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Let's talk about wetlands

...those marshy spots, maybe grassy or tree-covered, maybe around the Maitland River or rimming our fields, that cover 6.5% of the ground in Huron County. They’re essential to the hydrological regime – the regularly-repeated variations of our bodies of water. They’re vital to the reptiles and amphibians that breed and overwinter here. They’re critical to carbon storage. And they’re important to Elizabeth.

Elizabeth Van den Broeck knows that wetlands story water on the landscape and encourage infiltration, thereby reducing flooding. She knows that they improve water quality by retaining sediments and excess nutrients, filtering out contaminants and bacteria. She doesn’t really talk about it, though: she will, however, give you the chance to see it all through her eyes.

Her vision begins, invariably, with a camera and a pair of hip waders. Thus suited, she makes her trek to the Maitland River, upon which she has spent her whole life. From photography and printmaking to oil and acrylics, encaustics and pencilwork, her award-winning body of work has centred upon the river and its wetlands.

"The Maitland River is my heart and soul," says Elizabeth, who tore herself from it only long enough to graduate Art at Sheridan College and Art History at the University of Toronto, then missed closing ceremonies to open her gallery in downtown Goderich.

Her good friend Natalie Hussey, who staffs the gallery, also has water running through her veins. “Much of my childhood revolved around growing up along the St. Clair River. I then graduated from Sheridan College’s Interpretive Illustration program in Oakville, which is on Lake Ontario, and now I live in Goderich on the beautiful shores of Lake Huron with my amazing husband and three incredible children. As a young girl I remember being confused when a friend said she lived far from any water. Up until that point, I believed that everyone lived with water to one side of them.”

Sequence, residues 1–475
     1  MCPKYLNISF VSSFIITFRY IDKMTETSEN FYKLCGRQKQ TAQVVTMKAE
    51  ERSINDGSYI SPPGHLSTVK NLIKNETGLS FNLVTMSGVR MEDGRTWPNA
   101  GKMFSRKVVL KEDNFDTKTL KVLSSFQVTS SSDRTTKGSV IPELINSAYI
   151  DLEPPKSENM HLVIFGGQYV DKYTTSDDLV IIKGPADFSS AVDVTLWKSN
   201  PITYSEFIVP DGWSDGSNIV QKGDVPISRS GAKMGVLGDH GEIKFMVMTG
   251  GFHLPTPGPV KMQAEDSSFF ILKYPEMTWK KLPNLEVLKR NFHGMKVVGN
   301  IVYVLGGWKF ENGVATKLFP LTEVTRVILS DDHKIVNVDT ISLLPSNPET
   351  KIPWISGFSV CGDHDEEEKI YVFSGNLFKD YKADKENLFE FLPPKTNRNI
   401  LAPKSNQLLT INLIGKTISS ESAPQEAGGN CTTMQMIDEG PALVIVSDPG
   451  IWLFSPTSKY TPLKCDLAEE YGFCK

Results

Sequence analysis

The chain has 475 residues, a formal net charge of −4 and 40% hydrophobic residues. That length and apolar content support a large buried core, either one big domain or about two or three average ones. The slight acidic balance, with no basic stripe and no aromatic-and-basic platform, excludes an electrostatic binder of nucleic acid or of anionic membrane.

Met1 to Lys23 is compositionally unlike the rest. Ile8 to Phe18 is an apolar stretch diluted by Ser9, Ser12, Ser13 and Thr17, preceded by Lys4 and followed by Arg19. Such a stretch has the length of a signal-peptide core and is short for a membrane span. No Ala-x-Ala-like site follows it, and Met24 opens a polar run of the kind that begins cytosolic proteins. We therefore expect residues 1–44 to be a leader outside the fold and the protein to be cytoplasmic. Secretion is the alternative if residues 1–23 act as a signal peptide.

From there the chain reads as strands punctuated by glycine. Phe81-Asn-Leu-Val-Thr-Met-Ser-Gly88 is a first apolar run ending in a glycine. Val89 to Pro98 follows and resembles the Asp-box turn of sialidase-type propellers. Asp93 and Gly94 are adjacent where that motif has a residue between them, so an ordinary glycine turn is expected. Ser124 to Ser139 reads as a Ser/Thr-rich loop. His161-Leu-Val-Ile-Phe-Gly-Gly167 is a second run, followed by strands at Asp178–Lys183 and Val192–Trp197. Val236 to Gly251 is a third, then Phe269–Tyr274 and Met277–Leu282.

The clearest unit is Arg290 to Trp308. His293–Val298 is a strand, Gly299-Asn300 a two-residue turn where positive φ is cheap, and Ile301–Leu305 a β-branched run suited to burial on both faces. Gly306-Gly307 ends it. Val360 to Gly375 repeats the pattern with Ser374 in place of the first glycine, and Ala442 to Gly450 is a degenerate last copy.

These two women have joined WorldRooted: the Art Project for People to advocate for a cause that is dear to them: the Lake Huron Centre for Coastal Conservation. At “Toast the Coast” on May 4th at Beach Street Station in Goderich, they will participate in a group exhibition celebrating what the Coast means to them.

United under the theme “Carried”, the art is beautifully divergent (and you can watch it flow at “#carriedtothecoast” on social media). Elizabeth and Natalie each paint in clear, vibrant gemtones, highlighting complex forms through clarity of colour and cleanness of stroke. Whereas Elizabeth strives for an organic, “painterly” approach, Natalie carefully carves into hand-poured plaster to form dimensional foundations for her paintings. Upon this she layers colours inspired by textile patterns from around the world. Her subjects dance or embrace in ode to Mother Nature and to Family. Her art is a quiet carnival.

You can join the celebration: pre-purchase tickets to “Toast the Coast” at Beach Street Station or the LHCCC office on the Square, or works from the “Carried” collection at Every sale will benefit the science, conservation and education work performed by the LHCCC all across the Canadian shoreline of our Great Lake.

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